Surprises may be welcome when it comes to gifts or parties—but when it comes to taxes, most of us want to know what to expect well before the refund comes back. For self-employed individuals, the tax-time surprise can sometimes feel like it comes with the territory since it can be tough to stay on top of everything without a traditional employer to help guide you. But one piece of the puzzle that should help the self-employed rest a little bit easier is knowing what to do and when to do it.
From filing federal income taxes to paying estimated taxes and registering for self-employment taxes, staying on top of these deadlines will prevent last-minute panic. So get your pen and planners ready, and mark down these 2024 tax deadlines that every self-employed person needs to know.
Before we dive in, here’s one important thing to know about dates: The taxes you will file in 2024 are for the income you earned in 2023.
Staying on top of self-employed tax deadlines is crucial to avoid penalties or fines. Mark these key dates in your calendar:
January 16, 2024: 2023 fourth quarter estimated tax payment is due
January 31, 2024: Deadline to issue 2023 1099 contractor forms
April 15, 2024: Deadline to file your 2023 personal tax return (or an extension).
April 15, 2024: First quarter estimated tax payment is due
April 15, 2024: Last day to make 2023 retirement contributions
June 17, 2024: Second quarter estimated tax payment is due
September 16, 2024: Third quarter estimated tax payment is due
October 15, 2024: Deadline to file your extended 2023 personal tax return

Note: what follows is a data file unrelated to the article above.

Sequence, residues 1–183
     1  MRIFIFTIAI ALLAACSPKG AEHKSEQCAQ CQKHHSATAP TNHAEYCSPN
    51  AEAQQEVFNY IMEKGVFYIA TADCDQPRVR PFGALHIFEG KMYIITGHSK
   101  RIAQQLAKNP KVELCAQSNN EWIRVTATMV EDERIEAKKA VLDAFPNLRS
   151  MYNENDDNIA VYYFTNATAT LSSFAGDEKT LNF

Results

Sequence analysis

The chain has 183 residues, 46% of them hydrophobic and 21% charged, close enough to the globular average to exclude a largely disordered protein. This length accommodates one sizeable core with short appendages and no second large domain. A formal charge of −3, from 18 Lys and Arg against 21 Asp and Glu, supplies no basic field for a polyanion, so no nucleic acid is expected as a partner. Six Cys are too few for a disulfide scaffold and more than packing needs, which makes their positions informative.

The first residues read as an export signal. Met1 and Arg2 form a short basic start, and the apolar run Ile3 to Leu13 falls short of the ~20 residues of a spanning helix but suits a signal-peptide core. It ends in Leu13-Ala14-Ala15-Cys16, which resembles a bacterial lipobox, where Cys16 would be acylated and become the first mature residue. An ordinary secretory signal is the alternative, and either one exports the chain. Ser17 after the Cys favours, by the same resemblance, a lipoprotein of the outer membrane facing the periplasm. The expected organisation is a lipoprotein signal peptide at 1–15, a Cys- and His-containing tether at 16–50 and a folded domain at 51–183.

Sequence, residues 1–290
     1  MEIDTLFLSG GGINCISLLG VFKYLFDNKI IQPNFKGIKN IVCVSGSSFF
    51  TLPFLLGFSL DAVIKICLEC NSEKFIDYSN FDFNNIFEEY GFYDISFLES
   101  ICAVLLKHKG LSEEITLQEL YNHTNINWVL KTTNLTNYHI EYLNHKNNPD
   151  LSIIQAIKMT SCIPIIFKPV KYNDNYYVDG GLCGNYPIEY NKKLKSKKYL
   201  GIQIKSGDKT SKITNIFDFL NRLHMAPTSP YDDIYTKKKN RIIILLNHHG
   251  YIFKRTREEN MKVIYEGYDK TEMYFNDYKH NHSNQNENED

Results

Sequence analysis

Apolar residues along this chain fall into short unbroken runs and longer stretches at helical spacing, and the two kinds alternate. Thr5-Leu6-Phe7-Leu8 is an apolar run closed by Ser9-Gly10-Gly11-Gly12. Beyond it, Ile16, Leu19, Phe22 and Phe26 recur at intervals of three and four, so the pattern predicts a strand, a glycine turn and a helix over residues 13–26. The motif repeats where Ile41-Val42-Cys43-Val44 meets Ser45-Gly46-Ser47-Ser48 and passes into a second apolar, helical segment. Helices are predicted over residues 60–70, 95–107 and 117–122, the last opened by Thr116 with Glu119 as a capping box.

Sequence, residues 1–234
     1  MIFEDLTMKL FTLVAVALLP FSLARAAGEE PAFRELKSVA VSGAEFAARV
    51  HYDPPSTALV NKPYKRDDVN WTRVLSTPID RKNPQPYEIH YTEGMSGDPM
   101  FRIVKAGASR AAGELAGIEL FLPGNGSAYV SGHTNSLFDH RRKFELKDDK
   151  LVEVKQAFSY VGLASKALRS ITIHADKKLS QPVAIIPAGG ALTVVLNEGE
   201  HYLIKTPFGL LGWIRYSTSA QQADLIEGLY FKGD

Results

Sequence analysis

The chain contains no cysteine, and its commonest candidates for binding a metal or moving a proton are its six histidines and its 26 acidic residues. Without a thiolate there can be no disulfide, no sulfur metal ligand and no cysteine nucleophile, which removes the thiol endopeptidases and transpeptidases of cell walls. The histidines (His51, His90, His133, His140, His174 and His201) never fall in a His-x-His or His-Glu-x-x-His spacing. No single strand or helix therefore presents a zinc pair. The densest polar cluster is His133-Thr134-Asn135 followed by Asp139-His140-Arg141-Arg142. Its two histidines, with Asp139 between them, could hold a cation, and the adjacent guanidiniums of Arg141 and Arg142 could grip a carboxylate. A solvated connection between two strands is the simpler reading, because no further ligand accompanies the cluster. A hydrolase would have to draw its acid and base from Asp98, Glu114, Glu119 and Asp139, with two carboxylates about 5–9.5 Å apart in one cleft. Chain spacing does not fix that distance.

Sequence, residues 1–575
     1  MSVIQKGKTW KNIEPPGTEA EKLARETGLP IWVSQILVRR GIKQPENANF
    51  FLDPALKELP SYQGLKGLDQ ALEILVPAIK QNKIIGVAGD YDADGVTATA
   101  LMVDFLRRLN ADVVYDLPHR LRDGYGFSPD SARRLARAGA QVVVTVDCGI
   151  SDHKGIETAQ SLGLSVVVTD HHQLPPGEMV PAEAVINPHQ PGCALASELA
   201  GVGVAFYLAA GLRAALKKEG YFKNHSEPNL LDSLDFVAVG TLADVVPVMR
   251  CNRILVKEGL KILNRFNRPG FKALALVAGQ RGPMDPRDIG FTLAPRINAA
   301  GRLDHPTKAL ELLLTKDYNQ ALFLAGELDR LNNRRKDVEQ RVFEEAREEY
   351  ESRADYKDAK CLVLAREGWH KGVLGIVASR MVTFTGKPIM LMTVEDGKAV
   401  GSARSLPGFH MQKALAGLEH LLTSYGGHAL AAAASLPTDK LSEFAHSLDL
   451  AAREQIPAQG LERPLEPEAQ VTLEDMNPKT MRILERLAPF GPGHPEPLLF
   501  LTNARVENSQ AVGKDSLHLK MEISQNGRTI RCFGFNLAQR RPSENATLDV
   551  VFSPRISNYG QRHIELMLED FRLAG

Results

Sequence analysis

January 15, 2025: Fourth quarter estimated tax payment is due
January 16, 2024: You may be tempted to think you have a break until tax season really kicks off, but your final quarterly estimated tax payment for the 2023 calendar year is due by January 16, 2024.
If you hired a freelancer in 2023, you’re required to issue a 1099-NEC form to each contractor who earned more than $600.
If you were paid more than $600 as a freelancer in 2023, you should expect to receive a 1099-NEC or 1099-K from a client or employer. Remember: January 31, 2024 is the last day for payers to postmark these forms, so even if you haven’t received yours by the 31st, it may still be on the way to you.
Starting with the 2023 tax year (this year), the IRS lowered the reporting threshold for 1099-K forms and will include payments for goods and services made on peer-to-peer apps like Venmo, Cash App, and PayPal in the 1099-K filing requirements.
It’s important to wait to file your tax return until you’ve received these documents, even if you’ve been keeping track of your income throughout the year. Why? The IRS also gets a copy of any 1099s issued to you, so you must ensure the income reported on your 1099 forms matches the income in your tax return. If there are any discrepancies, you’ll want to sort those out with the payer before you submit your return.
Quarterly taxes—or “estimated taxes”—are tax payments that self-employed individuals may be required to pay throughout the year if they receive income that doesn’t have taxes already withheld from it.
For estimated tax purposes, a year has four payment periods, and taxpayers must make a payment each quarter. For most people, the due date for the first quarterly payment is April 15. The following payments are due June 15 and September 15, with the last quarter’s payment due on January 15 of the following year. However, the deadline is the next business day if these dates fall on a weekend or holiday, as they do in the 2024 calendar year.